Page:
January 12, 2021

Pesachim 52

Until COVID, I visited different communities around the world as a scholar-in-residence – with the Chag where I was almost always away being Shavuot.
Significantly, while Shavuot lasts just one day in Israel, it is celebrated for two days outside of Israel, and this meant that – at least once a year – I was confronted with the practical question addressed in our daf (Pesachim 52a) relating to the proper conduct of someone who comes from a place that keeps ‘one day of Yom Tov’ who finds themselves in a country and a community who observes ‘two days of Yom Tov’.
As previously explained, the concept of מקום שנהגו means that when you are in a community whose customs differ to your own, you must immediately respect those customs and, if you choose to live there, you must also adopt them.
Given this, according to Rav Ami – whose opinion is codified in the Shulchan Aruch (Orach Chaim 496:3) – if a visitor from Israel is in a location where there is no Jewish community, they need not observe the strictures of the second day of Yom Tov because the only reason they would do so is out of respect of a local community – which in this case doesn’t apply. However, if they are in a location where there is a Jewish community, then they must adopt the strictures of the second day of Yom Tov out of respect of local practice.
However, it is important to note that, presuming the visitor is planning to return to Israel, all these are, practically speaking, ‘strictures’ which do not release the visitor from their personal obligations as an Israel-resident – which means that if they are a Jewish male, they are obligated to wear tefillin on the second day of Shavuot, and that the prayers which they utter should be weekday prayers. But how is this done while maintaining respect for the place where they are visiting? The answer is that they should lay tefillin in private and they should utter their weekday tefillot quietly (see Mishna Brura note 13 on OC 496:3).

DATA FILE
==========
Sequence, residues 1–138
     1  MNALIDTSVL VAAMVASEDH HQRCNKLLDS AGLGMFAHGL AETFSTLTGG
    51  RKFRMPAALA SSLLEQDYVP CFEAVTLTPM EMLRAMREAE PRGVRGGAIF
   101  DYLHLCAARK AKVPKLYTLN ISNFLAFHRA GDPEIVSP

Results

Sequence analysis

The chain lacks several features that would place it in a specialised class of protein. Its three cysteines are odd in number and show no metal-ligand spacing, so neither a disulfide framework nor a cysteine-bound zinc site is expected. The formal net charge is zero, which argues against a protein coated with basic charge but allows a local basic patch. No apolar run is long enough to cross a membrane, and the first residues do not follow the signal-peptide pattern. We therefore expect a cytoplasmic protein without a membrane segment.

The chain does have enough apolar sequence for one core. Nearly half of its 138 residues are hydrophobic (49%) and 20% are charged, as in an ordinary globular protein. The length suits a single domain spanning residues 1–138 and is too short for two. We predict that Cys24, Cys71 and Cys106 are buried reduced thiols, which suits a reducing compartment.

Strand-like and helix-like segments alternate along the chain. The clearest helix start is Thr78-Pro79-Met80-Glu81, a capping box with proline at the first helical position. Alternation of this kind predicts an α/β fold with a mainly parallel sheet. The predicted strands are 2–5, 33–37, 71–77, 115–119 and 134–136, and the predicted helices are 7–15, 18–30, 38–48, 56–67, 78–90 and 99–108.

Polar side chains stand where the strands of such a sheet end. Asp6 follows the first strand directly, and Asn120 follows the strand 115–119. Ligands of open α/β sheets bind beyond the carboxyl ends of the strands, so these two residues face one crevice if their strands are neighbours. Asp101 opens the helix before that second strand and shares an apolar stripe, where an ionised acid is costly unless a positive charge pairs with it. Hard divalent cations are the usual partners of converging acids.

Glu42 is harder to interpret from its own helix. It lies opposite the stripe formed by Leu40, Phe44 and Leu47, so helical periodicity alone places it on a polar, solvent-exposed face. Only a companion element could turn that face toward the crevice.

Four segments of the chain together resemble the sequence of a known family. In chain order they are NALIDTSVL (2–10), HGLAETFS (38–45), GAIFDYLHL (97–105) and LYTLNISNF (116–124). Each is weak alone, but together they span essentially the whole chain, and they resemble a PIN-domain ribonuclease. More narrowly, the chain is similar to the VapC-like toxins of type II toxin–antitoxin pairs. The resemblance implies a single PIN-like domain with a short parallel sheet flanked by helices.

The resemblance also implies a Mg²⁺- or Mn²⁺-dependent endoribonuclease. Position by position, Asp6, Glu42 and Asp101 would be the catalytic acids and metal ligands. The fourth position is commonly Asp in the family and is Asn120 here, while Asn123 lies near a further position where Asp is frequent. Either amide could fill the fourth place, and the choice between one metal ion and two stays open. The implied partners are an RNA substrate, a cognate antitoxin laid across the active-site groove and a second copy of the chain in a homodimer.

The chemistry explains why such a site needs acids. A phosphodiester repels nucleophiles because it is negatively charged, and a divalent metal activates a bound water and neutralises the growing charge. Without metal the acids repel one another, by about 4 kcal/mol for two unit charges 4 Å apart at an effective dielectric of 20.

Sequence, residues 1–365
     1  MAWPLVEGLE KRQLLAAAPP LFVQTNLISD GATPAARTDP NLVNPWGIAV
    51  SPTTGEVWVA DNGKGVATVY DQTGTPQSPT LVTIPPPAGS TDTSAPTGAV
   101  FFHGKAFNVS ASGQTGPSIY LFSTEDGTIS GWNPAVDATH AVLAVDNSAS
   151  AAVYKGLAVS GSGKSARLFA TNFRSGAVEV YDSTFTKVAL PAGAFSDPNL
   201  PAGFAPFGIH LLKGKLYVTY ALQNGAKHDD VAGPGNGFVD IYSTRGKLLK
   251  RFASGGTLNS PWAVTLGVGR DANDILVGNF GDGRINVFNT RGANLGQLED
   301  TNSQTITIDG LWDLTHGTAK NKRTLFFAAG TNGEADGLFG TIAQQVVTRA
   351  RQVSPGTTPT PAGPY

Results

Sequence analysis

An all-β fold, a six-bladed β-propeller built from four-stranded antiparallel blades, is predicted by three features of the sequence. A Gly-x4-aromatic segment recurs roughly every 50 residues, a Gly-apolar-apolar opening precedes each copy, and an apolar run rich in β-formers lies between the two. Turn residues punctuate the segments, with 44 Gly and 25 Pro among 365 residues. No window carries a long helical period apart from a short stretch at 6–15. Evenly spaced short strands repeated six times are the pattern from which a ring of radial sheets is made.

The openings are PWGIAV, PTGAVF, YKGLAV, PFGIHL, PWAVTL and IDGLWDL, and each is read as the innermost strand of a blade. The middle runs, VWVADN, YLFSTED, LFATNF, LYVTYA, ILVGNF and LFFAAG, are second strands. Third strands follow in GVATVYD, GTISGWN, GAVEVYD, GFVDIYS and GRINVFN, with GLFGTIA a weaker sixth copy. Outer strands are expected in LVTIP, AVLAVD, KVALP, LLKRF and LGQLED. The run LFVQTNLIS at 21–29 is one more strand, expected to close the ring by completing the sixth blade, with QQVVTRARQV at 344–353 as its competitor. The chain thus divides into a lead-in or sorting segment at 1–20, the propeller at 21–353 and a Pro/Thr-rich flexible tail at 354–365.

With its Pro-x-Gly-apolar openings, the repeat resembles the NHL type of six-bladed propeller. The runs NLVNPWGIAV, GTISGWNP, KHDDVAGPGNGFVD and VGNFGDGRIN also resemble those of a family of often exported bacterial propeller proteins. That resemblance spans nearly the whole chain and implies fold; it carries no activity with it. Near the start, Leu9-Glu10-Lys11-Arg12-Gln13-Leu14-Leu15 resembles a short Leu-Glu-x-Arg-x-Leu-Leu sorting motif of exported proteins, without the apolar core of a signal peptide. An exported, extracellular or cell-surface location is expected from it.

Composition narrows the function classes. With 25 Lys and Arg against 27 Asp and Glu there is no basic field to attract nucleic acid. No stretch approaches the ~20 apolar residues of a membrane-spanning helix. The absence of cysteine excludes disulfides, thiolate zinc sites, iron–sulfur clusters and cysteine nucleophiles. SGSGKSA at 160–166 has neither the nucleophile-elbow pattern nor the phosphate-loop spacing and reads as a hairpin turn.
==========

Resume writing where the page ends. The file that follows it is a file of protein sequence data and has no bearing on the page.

Yet even if they do so, there is a further question to consider which is whether such a person should recite their weekday Amidah while wearing tefillin in private, or whether it is preferrable for them to put on their tefillin and recite the Shema in private, and then – later on – recite their (weekday) Amidah with the community (who are reciting the prayers for second day Yom Tov)?
Although the former would seem to be preferrable in most cases where someone is not expected to attend synagogue (see Halichot Shlomo: Tefillah 16:12), Rabbi Chizkiyah Di Silva reports in his Pri Chadash (OC 496:25) that when he was visiting Egypt and this situation arose, he practiced the latter. So which do I do?
The short answer is that I practice according to the Pri Chadash for two reasons. Firstly, by virtue of being a scholar-in-residence I am expected to be in synagogue on the second day of Yom Tov in order to deliver sermons and shiurim. And secondly, while I could technically pray my Amidah beforehand and merely pretend to participate (nb. on this point, see Iggrot Moshe OC 3:92), my belief is that to be a scholar-in-residence is not merely to share Torah ideas, but also to be an example of sorts (whether or not I feel worthy of being so), which means that my davening on second day Yom Tov – even if the words that I utter differ from those of the rest of the community – should be real words and thus my davening should be real davening.
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